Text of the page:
You may know the allegory of the long spoons. It vividly describes a table in Hell where there is delicious food in front of hungry people, but spoons far too long for any one person to use. As a result, each person struggles with his spoon, and ultimately starves. In Heaven there's the same table, with the same too-long spoons, but everyone is nourished. Why? Because they feed each other.
Historically, philanthropists have had their own "long spoon" problem when it comes to collaboration. In the first place, there are no natural forces pressuring philanthropists to work together and get results. Free from the accountability imposed upon governments by voters, or upon businesses by customers, or even upon nonprofits by funders—philanthropists are under no obligation to work together, even when necessary! Quite the contrary, many donors fear the reduction in control that true collaboration requires, and some even fear that it strips away their philanthropic freedom.
Second, it can be quite difficult to find funding partners with truly shared goals; joint decision-making and negotiated partnerships inevitably require compromise. Third, collaborations are time-consuming and expensive to do well. An African proverb teaches that if you want to go fast, go alone; if you want to go far, go together. Philanthropists want to go both fast and far, and of course, without the messy compromises. Finally, many philanthropists fear quid pro quo obligations of partnership; worrying about what will be asked of them by those whom they are soliciting.
At the same time, collaboration is a red hot topic right now because the benefits of collaboration are so clear. More money for causes that require massive investment, like global public health. Coordinated action on problems like climate change that cross sectors and are beyond the capacity of any single player to solve. Access to networks and specialized skills that no one donor has on staff—for example, expertise working with government or the media or engaging the public. Cost efficiencies due to shared strategy development or due diligence, or evaluation of a multi-pronged initiative. Greater visibility on causes like social justice when multiple voices speak in unison. The list goes on.
In addition to the clear benefits, new trends are making everyone re-examine the potential of collaboration. One fundamental shift is how many donors think about their donations. As one nonprofit CEO pointed out to me: donors who used to make "gifts" now make "investments"—and the impact of that tectonic shift in mindset cannot be under-estimated in terms of donors' attitude towards results. Another shift is the increase in many donors' impatience and desire to solve long-standing problems, especially among newbie philanthropists. Every day, it seems, I meet with another philanthropist who wants to do more with less, and at the same time "solve" problems far beyond the scope of his grantmaking ability, and by the way, do it yesterday. "I don't want to fund a homeless shelter," he might insist. "I want to end homelessness. In my lifetime!"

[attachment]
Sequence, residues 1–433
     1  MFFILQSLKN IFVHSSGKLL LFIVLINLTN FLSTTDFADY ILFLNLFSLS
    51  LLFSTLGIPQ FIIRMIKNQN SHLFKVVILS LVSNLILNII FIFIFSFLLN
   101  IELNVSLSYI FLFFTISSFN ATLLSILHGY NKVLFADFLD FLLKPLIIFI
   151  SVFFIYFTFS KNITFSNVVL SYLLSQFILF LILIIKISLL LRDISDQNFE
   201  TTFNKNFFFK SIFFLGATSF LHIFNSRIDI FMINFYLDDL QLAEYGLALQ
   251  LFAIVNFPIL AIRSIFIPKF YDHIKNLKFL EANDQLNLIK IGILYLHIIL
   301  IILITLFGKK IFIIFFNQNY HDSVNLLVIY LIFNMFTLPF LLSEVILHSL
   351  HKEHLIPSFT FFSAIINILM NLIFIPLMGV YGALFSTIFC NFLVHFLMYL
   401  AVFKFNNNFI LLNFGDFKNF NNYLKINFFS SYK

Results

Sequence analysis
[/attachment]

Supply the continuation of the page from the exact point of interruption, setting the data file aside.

The good news is that philanthropists are realizing they can't solve these problems and get results alone, so they are increasingly turning to donor-donor collaborations.1 While collaboration may still run against the grain, we are in fact seeing patterns in how donors are seeking to work with each other. It turns out there is a spectrum of options to choose from; the primary dimension of which is how much control donors are willing to cede to the collaborative entity, and correlated with that, how much of their own resources (time, money, etc.) they are willing to invest in the collaboration's success.
Not surprisingly, everyone seems to have his own definition of "collaboration."
We have observed a spectrum of five models, and offer an example of each:
Funders exchange ideas, raise awareness, and perhaps establish a broad understanding of a field, but retain individual control over investment decisions.
Led by a prominent philanthropist/entrepreneur, the Massachusetts Education Innovators group is a terrific example of effective, lowcost, low-stakes collaboration. Every month or so, the group convenes education philanthropists with a diverse group of leaders including social entrepreneurs, business leaders—and even high-ranking officials from the establishment like the state Department of Education, local superintendents, and leaders from one of the state's biggest unions. In recent months speakers like Sal Khan and Tom Kane have provided intellectual fodder for conversation. While a scattering of new funding and collaborative opportunities have emerged informally from these gatherings, the network and learning is clearly the primary objective.
One or more funders creates a pool of matching funding or prize funding, which incentivizes other funders to contribute to a specific pro ject or cause.